Bess: One of Elizabethan England's most powerful women

Portait of Bess of Hardwick in older age

The Countess of Shrewsbury, better known as Bess of Hardwick was a formidable lady. As part of our focus this year on woman and power, we consider Bess' status attributed to her wealth in a new exhibition.

Through graphics, video and hands-on displays you can discover more about how Bess rose through the ranks, what a savvy business woman she was and what her money was able to buy. 

The exhibition explores how Bess rose to the status attributed to her
A disc on display at the Bess exhibition 2018 with a timeline of her life
The exhibition explores how Bess rose to the status attributed to her

A journey well-travelled

In Elizabethan England money equalled power. Through her four marriages, coupled with her astute business and political sense Bess accumulated great wealth and came to be one of the most powerful women in the land. 

The fascinating muniment room at Hardwick would have housed all the documents relating to the property and land owned by Bess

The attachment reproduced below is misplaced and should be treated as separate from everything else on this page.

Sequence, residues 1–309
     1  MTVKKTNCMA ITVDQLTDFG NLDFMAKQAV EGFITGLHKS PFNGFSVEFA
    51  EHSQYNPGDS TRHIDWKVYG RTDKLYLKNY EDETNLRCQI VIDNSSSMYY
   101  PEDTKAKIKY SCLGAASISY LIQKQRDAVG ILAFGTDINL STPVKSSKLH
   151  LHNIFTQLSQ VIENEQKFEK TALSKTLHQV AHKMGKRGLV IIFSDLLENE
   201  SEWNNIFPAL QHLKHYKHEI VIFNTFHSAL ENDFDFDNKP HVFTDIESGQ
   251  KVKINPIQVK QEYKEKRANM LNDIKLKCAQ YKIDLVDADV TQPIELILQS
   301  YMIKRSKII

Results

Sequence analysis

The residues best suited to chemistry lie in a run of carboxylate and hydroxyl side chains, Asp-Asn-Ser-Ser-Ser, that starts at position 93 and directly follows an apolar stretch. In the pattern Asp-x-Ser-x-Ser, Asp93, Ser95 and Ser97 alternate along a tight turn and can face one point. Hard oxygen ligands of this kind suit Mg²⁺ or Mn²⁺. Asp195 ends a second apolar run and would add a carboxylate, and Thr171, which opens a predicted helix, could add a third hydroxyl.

The muniment room at Hardwick
The fascinating muniment room at Hardwick would have housed all the documents relating to the property and land owned by Bess

More than a home

The very fact that Hardwick was built is a sure sign of Bess' wealth, power and ambition. The audacious architectural design and materials used, alongside the lavish interior, were chosen by Bess to impress, and they continue to do so today.

Read about the lengths Bess went to in sourcing the finest materials and take a closer look at some of these.  

Magnificent detail

The house was filled with splendid tapestries, fine furniture and grand portraits many of which survive and can be seen today as you tour through the house. 

The Green Velvet Room, known as the best bedchamber in the 1601 inventory
The Green Velvet Room at Hardwick with bed and wall hangings
The Green Velvet Room, known as the best bedchamber in the 1601 inventory

A display of miniature replicas of some of Hardwick's furniture by the late Ivan Turner highlight some of the splendid pieces with demonstrate the wealth and richness of the house and Bess. 

Noteable pieces

One such piece of furniture that came to Bess was the seadog table, an intricately carved banqueting table. Normally seen in the State Withdrawing Room, a new display on the ground floor is the chance to see this important part of the collection in more detail. You can learn more about its construction and what it was used for, as well as handle some specially 3D printed replicas taken from scans of the table. 

The seadog table on display at Hardwick

A Tudor treasure - the seadog table 

A new display explores the importance of the seadog table